• Treatment of 403(b) Custodial Accounts upon Plan Termination (Section 110). The SECURE Act provides that the Secretary will issue guidance that will provide that, if an employer terminates a 403(b) plan, the account can be distributed in kind to a participant or beneficiary. The individual custodial account will be maintained on a tax-deferred basis as a 403(b) custodial account until paid out, subject to compliance with the 403(b) rules in effect at the time that the individual custodial account is distributed. Retroactively effective for plan years beginning after December 31, 2008.
  • Clarification of Church Plan Rules (Section 111).The SECURE Act clarifies that employees of nonqualified church-controlled organizations may be covered under a Code section 403(b) plan that consists of a retirement income account. Effective for years beginning before, on, or after enactment.
  • Benefits for Volunteer Firefighters and Emergency Medical Responders (Section 301).The SECURE Act reinstates, for one year, the exclusions for state or local tax benefits and qualified reimbursement payments provided to members of volunteer emergency response organizations. Effective for taxable years beginning after December 31, 2019.
  • Benefits for Children of Military Members and First Responders Killed in the Line of Duty (and other parents with unearned income of minor children) (Section 501). The SECURE Act reverses a provision that resulted in unexpectedly high taxes for parents with unearned income of minor children, particularly children of military members and first responders killed in the line of duty. Optionally retroactively effective for tax years beginning after December 31, 2017.

II. Repeal of Affordable Care Act Health Taxes (Division N)

  • Repeal of Medical Device Excise Tax (Section 501). The Act fully repeals the ACA medical device excise tax. The 2.3 percent excise tax on the value of medical devices sold domestically went into effect in 2013 but was suspended by Congress twice, and was not in effect during the period beginning on January 1, 2016 through December 31, 2019. The Joint Committee on Taxation (“JCT”) estimates that repeal of the medical device excise tax will cost $25.5 billion over ten years. Effective for sales after 2019.
  • Repeal of Annual Fee on Health Insurance Providers (Section 502). The Act also fully repeals the ACA annual fee on health insurance providers (“HIT”). The HIT imposes a fee on each covered entity engaged in the business of providing health insurance for United States health risks. The HIT applies to policies in the individual and small group markets, insured employer plans, Medicaid managed care, Medicare Part D, and Medicare Advantage plans. The fee is divided among health insurers based on their market share and their premiums written. The fee was effective beginning in 2015 but was under a moratorium for 2017 and 2019. JCT estimates that the repeal of the HIT will cost almost $151 billion over ten years. Effective for calendar years beginning after 2020.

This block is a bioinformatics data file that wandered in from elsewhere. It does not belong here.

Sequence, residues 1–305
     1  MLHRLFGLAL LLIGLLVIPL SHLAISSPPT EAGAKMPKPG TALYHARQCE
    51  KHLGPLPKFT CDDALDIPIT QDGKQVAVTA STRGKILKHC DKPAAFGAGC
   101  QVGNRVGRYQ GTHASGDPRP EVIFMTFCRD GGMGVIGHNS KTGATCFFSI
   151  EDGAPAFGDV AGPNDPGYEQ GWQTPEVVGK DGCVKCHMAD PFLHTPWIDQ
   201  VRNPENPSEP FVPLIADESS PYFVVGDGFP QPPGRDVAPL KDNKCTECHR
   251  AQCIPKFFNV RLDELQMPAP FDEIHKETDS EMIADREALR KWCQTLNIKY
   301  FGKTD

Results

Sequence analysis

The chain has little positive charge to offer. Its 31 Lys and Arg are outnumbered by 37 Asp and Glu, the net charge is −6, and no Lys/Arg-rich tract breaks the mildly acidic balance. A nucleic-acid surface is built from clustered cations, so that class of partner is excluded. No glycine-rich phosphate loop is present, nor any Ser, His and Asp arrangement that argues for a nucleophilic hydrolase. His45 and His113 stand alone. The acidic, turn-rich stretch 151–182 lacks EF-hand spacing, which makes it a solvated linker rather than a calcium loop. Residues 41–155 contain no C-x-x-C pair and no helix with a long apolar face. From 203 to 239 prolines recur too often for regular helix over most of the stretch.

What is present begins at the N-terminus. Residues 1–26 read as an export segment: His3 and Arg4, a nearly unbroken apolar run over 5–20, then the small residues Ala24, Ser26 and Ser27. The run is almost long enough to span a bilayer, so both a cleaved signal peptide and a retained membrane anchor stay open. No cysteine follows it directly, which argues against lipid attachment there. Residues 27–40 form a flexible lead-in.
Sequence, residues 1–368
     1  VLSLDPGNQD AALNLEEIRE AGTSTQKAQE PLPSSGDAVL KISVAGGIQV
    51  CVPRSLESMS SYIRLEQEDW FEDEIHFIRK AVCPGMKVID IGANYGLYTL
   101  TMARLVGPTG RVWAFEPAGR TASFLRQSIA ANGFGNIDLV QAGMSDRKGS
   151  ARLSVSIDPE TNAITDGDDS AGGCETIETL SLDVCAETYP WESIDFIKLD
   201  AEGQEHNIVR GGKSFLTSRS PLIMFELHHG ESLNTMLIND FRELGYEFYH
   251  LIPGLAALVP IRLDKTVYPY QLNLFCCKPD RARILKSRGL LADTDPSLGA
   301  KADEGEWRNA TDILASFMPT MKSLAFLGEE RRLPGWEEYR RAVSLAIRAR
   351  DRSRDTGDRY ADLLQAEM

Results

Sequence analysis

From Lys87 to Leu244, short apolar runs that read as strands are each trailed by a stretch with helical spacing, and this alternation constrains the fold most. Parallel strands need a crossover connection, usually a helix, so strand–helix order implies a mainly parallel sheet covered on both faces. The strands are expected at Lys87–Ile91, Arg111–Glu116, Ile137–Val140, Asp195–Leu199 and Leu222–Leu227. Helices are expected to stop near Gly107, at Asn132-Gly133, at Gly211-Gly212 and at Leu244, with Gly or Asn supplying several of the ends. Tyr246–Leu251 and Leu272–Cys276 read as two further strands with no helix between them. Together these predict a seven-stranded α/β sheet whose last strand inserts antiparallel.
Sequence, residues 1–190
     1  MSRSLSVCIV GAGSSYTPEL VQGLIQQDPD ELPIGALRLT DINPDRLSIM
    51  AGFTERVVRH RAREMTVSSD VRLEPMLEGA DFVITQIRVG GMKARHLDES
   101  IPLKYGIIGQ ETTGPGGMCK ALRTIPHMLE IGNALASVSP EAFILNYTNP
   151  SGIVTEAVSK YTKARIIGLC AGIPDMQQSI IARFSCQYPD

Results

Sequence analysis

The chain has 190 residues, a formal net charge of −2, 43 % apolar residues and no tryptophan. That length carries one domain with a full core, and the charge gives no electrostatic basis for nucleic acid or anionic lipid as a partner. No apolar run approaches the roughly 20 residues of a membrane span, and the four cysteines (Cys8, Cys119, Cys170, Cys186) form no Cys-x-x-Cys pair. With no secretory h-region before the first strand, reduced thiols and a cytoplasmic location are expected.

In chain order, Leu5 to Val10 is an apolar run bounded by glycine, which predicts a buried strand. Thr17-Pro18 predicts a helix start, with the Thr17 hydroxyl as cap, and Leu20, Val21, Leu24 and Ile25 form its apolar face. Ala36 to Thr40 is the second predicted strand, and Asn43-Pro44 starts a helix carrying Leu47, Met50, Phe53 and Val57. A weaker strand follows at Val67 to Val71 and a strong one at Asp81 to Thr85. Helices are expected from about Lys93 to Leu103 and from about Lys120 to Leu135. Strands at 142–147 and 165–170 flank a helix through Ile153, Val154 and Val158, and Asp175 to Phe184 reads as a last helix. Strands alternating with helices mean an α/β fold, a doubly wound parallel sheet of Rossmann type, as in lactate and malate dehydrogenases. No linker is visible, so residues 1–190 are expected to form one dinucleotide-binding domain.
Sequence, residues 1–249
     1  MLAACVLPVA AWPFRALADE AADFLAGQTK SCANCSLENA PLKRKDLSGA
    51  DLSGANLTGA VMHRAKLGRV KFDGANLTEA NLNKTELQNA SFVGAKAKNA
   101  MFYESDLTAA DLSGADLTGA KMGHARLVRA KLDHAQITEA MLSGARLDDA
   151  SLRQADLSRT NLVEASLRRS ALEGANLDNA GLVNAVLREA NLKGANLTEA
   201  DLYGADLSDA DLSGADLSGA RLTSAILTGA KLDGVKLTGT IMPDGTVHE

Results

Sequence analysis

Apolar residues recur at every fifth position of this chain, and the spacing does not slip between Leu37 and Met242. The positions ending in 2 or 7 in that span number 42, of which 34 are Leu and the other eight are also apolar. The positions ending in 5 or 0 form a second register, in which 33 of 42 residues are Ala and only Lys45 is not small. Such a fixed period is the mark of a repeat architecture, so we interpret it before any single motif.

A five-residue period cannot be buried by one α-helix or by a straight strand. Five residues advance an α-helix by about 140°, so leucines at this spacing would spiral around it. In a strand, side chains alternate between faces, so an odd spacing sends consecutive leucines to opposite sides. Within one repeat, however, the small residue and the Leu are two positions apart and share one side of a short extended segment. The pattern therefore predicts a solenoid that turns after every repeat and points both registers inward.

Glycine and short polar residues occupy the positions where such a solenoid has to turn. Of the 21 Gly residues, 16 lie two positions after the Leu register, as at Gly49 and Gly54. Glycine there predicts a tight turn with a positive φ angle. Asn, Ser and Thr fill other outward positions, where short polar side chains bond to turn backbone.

• Repeal of Excise Tax on High Cost Employer-Sponsored Health Coverage (Section 503). The Act repeals the much-maligned ACA excise tax on high-cost employer medical plans, widely referred to as the “Cadillac Tax.” The Cadillac Tax was intended to curtail the preferred treatment of employer-sponsored health plans and reduce excess health spending. The tax was equal to 40 percent of the value of health benefits exceeding certain statutory thresholds, which were projected to be $11,200 for single coverage and $30,150 for family coverage in 2022. The Cadillac Tax would have applied to both employers’ and employees’ share of the cost of health coverage, as well as to contributions to health saving accounts, health reimbursement arrangements, and medical flexible spending accounts. Originally scheduled to become effective in 2018, the tax was delayed numerous times by Congress and most recently was set to take effect in 2022. JCT estimates that repeal of the Cadillac Tax will cost almost $197 billion over ten years. Effective for taxable years beginning after 2019.

III. Extension of Certain Expiring Provisions and Other Tax Provisions (Division Q)

  • Reduction in Medical Expense Deduction Floor (Section 103). The Act extends until December 31, 2020, the lower threshold of 7.5 percent of adjusted gross income for medical expense deductions. The ACA changed the specified amount of adjusted gross income from 7.5 percent to 10 percent. For 2017 and 2018, however, the threshold amount was lowered to 7.5 percent. The Act keeps the lower (7.5 percent) threshold in place for 2019 and 2020. JCT estimates that the reduction in the medical expense deduction floor will cost a total of $3.7 billion over ten years.
  • Above the Line Deduction for Qualified Tuition and Related Expenses (Section 104). Individuals are allowed a deduction equal to their qualified tuition and related expenses, including amounts paid for tuition, fees and other related expense for an eligible student that are required for enrollment or attendance at an eligible educational institution. The deduction was scheduled to sunset at the end of 2017, but the Act retroactively extends the deduction until the end of 2020. JCT estimates that the extension of the deduction for qualified tuition and related expenses will cost $664 million over ten years.